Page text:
In my first and second installments of this series, I focused on exercises and techniques you can do concerning improving yourself. They were forms of what might be called “inner magickal work”: it’s about changing yourself. But practical alchemy and many forms of magick are about changing your environment: getting things that are external to you, obtaining power, improving the things around you.

There is a myth that magicians live in high towers hidden away from civilization. The reality is that magicians are very social men and women. While they may focus on personal spiritual evolution, they’re concerned about the people and the world around them. Magicians change the world.

In the first two lessons I shared instructions on how you can improve yourself. How, in lesson three, can I possibly give you an exercise or practice that can change the world?

The answer, and your work for this lesson, is to contact a legislator. Right now, people from Greece to the Middle East are putting their lives on the line challenging their governments. I’m not suggesting you need to do anything like that. Rather, I’m suggesting that you simply contact a legislator or two. Write a letter. Make a phone call. Email them. You can find out who your legislators are by doing a search on the internet.

Then, pick an issue and let your legislators know where you stand. Tell them when you agree with them. Tell them when you disagree. The sad truth is that in the U.S., few people vote and fewer people bother to contact the people in office. That means your voice matters. That means you can change the world. That means you can do magick.

Not all magick is done with spells and sigils. Some is done with phone calls and letter writing.

Reader Comments

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#1 
Written By William Carmichael
on August 1st, 2011 @ 7:41 pm

Mr. Kraig, I wanted to comment here on how much I’m enjoying these course entries. In particular I appreciate your emphasis on the exercise of personal power in the practical world. I’m just starting work with the new edition of “Modern Magick”, and what you’re doing here seems to corroborate Crowley’s assertion (mentioned in your discussion of the definition of magick) that EVERY intentional act is an act of magick. I find this a really powerful outlook, and your lessons here have cemented that for me.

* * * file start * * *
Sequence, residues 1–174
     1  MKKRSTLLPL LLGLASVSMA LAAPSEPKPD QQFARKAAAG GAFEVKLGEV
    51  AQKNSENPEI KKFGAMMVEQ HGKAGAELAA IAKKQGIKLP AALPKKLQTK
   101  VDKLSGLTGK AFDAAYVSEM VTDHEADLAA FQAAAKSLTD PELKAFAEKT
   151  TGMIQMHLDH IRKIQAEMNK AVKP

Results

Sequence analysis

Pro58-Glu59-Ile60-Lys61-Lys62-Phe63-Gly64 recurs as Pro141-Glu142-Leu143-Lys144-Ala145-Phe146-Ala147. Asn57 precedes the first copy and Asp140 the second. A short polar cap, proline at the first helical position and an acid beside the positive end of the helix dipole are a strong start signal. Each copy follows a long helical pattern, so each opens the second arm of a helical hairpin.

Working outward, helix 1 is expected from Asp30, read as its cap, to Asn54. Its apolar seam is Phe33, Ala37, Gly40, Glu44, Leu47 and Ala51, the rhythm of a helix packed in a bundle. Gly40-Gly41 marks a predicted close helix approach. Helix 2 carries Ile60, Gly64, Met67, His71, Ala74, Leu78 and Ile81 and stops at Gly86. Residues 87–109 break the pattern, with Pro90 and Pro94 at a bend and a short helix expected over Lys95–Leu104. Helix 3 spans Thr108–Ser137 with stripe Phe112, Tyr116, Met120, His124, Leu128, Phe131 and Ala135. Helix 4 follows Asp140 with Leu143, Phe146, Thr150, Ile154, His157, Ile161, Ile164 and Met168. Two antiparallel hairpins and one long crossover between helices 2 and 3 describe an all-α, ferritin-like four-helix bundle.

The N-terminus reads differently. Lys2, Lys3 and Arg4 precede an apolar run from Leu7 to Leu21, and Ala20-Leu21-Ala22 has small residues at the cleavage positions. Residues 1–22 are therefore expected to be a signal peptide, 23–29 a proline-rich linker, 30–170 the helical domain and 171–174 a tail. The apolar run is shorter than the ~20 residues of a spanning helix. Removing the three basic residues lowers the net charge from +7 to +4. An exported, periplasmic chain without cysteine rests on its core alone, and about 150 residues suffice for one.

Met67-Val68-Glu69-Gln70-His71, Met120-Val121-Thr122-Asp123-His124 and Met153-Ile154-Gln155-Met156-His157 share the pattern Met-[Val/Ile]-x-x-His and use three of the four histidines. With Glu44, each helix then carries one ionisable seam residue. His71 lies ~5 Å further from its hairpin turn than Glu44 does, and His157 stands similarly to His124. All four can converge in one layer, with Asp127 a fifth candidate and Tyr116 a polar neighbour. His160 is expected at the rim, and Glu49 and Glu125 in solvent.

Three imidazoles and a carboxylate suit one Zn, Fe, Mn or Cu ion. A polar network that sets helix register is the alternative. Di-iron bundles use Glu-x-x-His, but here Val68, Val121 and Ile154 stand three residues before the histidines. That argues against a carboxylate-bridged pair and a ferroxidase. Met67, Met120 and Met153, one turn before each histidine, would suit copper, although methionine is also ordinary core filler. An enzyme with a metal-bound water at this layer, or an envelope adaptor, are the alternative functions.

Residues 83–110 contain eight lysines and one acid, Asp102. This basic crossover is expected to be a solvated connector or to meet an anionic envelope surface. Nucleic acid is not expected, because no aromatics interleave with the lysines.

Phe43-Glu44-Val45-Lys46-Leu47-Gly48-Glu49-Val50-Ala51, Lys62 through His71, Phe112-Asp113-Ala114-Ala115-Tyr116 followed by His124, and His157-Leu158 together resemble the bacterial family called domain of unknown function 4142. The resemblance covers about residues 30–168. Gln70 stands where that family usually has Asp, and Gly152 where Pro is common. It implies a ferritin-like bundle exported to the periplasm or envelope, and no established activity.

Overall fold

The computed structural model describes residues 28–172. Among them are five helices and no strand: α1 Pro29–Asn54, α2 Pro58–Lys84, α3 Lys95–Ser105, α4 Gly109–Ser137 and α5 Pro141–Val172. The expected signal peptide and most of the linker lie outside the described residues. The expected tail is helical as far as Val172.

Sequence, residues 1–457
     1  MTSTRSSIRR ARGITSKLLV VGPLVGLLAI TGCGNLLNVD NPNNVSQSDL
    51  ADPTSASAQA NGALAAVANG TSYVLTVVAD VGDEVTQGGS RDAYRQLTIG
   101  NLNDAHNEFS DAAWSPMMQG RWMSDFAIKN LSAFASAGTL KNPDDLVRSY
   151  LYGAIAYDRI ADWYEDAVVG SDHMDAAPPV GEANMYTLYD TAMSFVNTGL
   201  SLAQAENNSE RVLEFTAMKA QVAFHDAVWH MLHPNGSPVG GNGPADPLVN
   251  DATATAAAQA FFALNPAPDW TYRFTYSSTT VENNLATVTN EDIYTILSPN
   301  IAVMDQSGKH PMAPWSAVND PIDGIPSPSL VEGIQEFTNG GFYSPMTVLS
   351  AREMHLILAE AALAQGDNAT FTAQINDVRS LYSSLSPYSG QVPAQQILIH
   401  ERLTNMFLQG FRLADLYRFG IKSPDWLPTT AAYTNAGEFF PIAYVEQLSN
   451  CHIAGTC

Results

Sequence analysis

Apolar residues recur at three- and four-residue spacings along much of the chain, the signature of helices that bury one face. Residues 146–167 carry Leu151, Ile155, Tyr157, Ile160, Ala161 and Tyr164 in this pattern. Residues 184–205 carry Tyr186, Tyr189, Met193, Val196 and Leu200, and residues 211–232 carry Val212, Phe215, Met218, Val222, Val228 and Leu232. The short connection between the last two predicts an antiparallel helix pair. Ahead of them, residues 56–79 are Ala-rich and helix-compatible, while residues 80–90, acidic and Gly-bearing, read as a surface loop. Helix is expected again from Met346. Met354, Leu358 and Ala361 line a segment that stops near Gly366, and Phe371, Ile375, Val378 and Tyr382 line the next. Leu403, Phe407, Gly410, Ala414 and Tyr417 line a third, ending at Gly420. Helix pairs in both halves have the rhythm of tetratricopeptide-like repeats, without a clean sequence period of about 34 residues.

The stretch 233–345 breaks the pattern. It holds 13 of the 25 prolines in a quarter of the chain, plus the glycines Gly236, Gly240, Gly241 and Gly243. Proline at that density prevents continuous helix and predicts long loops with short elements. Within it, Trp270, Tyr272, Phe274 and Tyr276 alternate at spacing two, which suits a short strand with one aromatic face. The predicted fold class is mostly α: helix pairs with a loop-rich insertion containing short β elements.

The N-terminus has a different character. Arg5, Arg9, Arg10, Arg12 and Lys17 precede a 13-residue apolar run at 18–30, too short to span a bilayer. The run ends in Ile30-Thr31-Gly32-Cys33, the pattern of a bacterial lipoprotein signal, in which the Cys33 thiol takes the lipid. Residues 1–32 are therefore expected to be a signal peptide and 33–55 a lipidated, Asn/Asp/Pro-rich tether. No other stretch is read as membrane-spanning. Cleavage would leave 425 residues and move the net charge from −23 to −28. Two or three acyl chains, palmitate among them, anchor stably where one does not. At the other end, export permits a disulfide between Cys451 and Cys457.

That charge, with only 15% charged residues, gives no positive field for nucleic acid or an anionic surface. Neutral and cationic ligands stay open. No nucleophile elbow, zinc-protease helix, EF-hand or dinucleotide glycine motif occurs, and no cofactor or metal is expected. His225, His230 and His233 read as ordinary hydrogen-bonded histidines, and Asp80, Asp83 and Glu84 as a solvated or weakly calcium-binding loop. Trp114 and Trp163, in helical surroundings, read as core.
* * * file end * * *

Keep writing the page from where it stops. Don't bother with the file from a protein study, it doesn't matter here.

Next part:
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#2 
Written By Random Al Askendir Xtranj
on August 5th, 2011 @ 1:19 am

Interesting. You seem to have skipped Herbal Alchemy completely. Intentional, or did you not know about it?

Well, just in case, Herbal Alchemy is a set of techniques with two simulataneous goals: 1) to discover and intensify the natural medical and/or psychological effects of ingesting an herb, and 2) to raise the ‘vibration rate’ of the Alchemist. The techniques are quite simple, “digesting” an herb in alcohol, deriving the essential oils and essential saltes from that, getting rid of the non-effective parts, re-combining the oils and saltes, digesting them again for a full repeat at a lower temperature. Done once this produces an ‘essence’, done five times (recommended) it produces a ‘quintessence’. Doing this over and over gradually raises the vibration rate of the one doing the work. What that really means, I am not sure.
Reference = “Alchemy” by Frater Albertus (I don’t think this is the same as the Alchemist’s Handbook, but it might be.)

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#3 
Written By Donald Michael Kraig
on August 5th, 2011 @ 9:49 am

I didn’t include Herbal Alchemy because it’s a modern concept (at least as a name or category) and not traditional. That doesn’t invalidate its value, only its antiquity. Further, it can be seen as a subset of spiritual and/or practical alchemy as its goals are medical (practical), psychological (practical and/or spiritual) or to raise the “vibration rate” of the alchemist (spiritual).